Food Business News - Nov 13, 2007 - (Page 1)

FoodBusinessNews ® NEWS, MARKETS AND ANALYSIS FOR THE FOOD PROCESSING INDUSTRY President outlines import safety plan 20 Dairy costs hinder Kraft Foods 22 Bankruptcy courts sets I.B.C. timeline 26 MARKET WATCH November 13, 2007 Fruit, vegetable supply swings have prices jumbled KANSAS CITY - Domestic production of fruits and vegetables vary widely from a year ago, resulting in large price swings and trade prospects, while unusual weather has caused short-term supply disruptions in some key growing areas. Although the 2007 apple crop is down from a year ago, production of most other fruits is up and prices are mixed. In its latest Agricultural Prices report, the U.S. Department of Agriculture said the preliminary index of prices received by farmers for fruits and nuts in October was 171% of the 1990-92 base, up 5% from September but down 1% from October 2006. The average price of apples was about even with last year, grape and lemon prices were higher, and grapefruit, orange, pear and strawberry prices were lower. Vegetables, meanwhile, truly were a Continued on Page 37 On-highway diesel prices U.S. average, per gallon Nov. 5, 2007 Oct. 29, 2007 Nov. 6, 2006 Oct. 24, 2005 $3.303 $3.157 $2.506 $3.157 Source: Energy Information Administration Diesel prices surged to record highs on heels of record high crude. Convenience holds its own Amid avalanche of health and wellness products, 'easy' is still appealing Following a brief lull, new product introductions featuring convenience as a salient benefit continue to attract consumer interest, according to analysts interviewed by Food Business News. Driven by a range of factors, though, the face of convenience in food products is changing and will continue to evolve. The increasing successful melding of convenience with health and wellness into single products has been a particularly compelling growth driver, said Lynn Dornblaser, director of consulting, Mintel, Inc., Chicago. "Health and wellness is never going to go away, and neither is convenience," Ms. Dornblaser said. "Sometimes these two trends seem to be working in opposition to one another, but they actually work very well in partnership. Where would low-fat meals be without single-serve packaging, for example? What are 100-calorie packs but the perfect marriage between convenience and health?" An increase in new products offering convenience represented a return to historical averages, Information Resources, Inc. said. At 23%, the proportion of new Continued on Page 29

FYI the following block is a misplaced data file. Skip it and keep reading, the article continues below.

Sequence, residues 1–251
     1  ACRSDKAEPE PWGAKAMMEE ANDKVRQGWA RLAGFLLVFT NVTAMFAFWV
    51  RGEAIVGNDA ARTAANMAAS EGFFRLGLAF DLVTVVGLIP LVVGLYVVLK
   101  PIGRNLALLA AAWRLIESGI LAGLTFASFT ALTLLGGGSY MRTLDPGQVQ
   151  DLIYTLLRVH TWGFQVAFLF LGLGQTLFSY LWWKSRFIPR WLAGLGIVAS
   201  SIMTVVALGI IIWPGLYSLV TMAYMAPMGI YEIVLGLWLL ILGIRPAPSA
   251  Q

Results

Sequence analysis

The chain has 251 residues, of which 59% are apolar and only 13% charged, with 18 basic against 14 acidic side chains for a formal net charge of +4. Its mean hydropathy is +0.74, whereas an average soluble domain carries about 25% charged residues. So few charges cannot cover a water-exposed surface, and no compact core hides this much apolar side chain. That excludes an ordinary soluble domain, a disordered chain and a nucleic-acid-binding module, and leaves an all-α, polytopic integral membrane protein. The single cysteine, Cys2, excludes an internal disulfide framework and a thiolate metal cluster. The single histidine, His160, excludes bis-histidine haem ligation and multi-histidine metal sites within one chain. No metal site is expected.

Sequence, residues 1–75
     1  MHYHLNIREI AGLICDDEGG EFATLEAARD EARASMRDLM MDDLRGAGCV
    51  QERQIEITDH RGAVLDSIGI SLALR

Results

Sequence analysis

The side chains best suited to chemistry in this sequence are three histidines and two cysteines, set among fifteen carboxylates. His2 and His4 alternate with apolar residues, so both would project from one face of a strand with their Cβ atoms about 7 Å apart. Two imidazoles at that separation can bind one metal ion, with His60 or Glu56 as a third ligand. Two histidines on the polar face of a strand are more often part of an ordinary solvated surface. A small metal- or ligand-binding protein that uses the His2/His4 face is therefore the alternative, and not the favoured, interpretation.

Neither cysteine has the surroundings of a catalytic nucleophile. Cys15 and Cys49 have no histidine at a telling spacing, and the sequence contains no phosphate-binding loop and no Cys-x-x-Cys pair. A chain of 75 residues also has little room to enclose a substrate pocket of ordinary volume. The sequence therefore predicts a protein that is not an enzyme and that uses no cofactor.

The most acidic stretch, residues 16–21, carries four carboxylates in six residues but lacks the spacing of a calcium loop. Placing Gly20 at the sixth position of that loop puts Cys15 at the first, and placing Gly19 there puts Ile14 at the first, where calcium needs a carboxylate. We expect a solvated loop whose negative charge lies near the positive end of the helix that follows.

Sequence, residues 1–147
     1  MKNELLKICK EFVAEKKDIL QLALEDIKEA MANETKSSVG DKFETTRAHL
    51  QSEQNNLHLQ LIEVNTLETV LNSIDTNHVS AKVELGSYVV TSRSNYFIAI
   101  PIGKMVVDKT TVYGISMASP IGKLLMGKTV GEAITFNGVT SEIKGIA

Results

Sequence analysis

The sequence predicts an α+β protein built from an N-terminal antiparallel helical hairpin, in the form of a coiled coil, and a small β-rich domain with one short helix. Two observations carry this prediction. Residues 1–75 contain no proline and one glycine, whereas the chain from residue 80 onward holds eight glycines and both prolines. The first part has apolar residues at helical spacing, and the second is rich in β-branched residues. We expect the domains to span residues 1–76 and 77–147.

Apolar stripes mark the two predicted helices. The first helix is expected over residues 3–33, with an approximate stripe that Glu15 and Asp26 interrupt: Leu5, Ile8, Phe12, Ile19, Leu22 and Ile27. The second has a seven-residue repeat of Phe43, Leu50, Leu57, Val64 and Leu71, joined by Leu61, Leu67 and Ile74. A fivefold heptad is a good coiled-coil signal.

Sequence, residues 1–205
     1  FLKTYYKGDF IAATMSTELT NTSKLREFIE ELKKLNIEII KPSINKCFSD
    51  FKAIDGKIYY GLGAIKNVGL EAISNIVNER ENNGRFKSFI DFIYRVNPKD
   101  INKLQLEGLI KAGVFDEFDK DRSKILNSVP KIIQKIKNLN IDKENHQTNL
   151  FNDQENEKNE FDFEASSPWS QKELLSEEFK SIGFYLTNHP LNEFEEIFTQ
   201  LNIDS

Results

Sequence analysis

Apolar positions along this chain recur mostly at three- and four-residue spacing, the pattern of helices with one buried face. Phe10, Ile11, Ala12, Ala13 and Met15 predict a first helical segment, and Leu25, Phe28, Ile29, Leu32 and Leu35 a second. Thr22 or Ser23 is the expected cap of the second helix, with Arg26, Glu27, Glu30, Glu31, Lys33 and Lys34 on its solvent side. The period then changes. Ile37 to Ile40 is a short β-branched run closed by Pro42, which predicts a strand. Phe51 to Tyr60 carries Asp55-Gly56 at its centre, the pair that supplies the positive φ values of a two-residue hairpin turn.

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Food Business News - Nov 13, 2007